Why bother?

All you have to do is look at how difficult it is to get a full slate of qualified candidates to run for public office. Additionally, chairpersons desperately search for warm bodies to fill volunteer spots on the appointed committees and boards. And if the positions are filled, look at what these public servants go through on a regular basis.

Why put yourself through the criticism and scrutiny?

“I was constantly blamed for being pro-development, accused of being involved in backroom deals, and subjected to personal attacks. Don’t get me wrong, I can take it and I actually enjoyed my time on the Planning Board where I felt my skills were helpful. But when the level of caustic rhetoric started to go way over the top and when the people who were throwing around unsubstantiated conspiracy theories suffered no consequences, then I knew it was time to leave,” said the former Planning Board member.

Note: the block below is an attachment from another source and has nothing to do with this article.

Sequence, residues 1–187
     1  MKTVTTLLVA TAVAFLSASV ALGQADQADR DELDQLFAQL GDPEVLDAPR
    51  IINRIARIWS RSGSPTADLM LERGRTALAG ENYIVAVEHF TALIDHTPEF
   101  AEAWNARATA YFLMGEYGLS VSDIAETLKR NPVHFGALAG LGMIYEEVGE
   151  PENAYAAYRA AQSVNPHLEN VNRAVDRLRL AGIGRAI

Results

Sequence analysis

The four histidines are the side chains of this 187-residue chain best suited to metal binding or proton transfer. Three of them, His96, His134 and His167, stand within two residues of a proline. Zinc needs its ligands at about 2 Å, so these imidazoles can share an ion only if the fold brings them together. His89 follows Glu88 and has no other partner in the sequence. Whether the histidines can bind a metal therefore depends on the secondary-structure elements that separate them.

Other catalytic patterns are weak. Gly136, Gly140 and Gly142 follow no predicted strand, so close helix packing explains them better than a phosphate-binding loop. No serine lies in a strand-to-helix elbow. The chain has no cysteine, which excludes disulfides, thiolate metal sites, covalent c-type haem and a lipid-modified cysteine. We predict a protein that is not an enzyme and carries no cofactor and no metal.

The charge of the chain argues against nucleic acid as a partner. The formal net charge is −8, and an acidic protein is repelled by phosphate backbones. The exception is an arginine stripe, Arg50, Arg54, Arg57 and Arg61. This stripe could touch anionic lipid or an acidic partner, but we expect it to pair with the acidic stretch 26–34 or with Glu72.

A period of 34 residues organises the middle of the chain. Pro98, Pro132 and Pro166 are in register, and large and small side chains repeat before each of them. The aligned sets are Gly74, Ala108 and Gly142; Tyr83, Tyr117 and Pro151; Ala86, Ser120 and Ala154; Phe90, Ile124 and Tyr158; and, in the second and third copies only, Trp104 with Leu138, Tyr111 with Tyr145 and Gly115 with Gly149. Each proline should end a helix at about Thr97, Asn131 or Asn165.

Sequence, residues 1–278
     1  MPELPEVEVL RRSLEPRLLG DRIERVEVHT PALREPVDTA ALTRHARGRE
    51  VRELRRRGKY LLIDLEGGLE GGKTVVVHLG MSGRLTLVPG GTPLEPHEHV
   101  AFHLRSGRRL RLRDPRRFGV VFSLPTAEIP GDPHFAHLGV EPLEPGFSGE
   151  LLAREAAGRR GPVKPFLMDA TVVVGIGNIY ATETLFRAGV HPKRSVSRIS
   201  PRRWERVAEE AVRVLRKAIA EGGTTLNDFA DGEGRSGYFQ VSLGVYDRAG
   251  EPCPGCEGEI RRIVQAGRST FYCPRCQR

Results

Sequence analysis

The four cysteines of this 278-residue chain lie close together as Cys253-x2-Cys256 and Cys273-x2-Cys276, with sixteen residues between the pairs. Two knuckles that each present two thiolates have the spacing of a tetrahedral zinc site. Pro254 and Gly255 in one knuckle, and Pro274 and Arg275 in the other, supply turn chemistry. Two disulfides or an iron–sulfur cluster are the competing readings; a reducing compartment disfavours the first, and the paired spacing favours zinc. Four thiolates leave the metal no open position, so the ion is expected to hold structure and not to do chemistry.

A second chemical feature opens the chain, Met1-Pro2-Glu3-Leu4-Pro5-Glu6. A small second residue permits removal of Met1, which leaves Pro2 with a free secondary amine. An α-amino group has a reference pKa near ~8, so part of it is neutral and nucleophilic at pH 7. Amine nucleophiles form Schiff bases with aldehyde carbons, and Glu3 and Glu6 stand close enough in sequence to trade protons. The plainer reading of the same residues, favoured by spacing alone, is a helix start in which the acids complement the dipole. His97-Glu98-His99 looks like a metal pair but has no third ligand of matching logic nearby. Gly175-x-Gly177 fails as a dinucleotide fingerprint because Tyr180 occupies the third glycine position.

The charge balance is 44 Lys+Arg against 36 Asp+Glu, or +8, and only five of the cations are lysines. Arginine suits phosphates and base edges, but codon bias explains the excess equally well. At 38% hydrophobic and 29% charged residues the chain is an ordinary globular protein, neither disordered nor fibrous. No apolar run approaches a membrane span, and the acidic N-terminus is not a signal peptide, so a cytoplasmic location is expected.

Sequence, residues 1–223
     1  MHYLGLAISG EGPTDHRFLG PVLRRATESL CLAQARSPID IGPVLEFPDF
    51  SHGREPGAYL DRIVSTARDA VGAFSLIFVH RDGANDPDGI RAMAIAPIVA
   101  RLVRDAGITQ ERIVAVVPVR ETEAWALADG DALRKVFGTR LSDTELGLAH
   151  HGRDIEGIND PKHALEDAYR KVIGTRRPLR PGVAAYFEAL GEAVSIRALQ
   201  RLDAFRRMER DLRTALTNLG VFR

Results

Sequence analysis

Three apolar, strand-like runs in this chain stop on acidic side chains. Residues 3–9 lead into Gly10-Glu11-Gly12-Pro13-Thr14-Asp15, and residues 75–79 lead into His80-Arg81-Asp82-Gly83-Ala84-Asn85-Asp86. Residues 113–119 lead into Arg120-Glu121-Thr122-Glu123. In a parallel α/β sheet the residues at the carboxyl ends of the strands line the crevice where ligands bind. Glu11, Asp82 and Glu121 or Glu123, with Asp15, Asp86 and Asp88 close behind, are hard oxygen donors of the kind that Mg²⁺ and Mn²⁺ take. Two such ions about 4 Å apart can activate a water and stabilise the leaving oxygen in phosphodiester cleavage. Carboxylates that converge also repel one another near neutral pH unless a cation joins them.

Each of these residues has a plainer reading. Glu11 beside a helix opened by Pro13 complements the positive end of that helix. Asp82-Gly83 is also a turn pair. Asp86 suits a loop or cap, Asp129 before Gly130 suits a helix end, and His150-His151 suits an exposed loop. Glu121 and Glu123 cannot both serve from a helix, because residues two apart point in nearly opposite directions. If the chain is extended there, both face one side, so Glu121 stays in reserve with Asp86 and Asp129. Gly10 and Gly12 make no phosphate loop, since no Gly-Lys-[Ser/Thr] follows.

“At the very least, put your name on a ballot. Most of them would never consider doing that or taking on the added responsibility. To them, it’s easier to just criticize from a distance,” sounded a frustrated Trudel.

He’s right.

“I’m not the brightest bulb or the sharpest knife”, said Trudel. “But I served. What is frustrating to me is that I know brighter bulbs and sharper knives in the community and they refuse to get involved simply because it has become too stressful and a thankless responsibility.”

Once again, he’s right.

The lack of civility has become the norm. I have witnessed it firsthand as both a former, elected member of the Nantucket School Committee and now as a citizen of the Nantucket community. I bet you have too. The end results are clear. Fewer and fewer people are stepping up and fulfilling what should be their civic duty that comes along with living in a small community like Nantucket.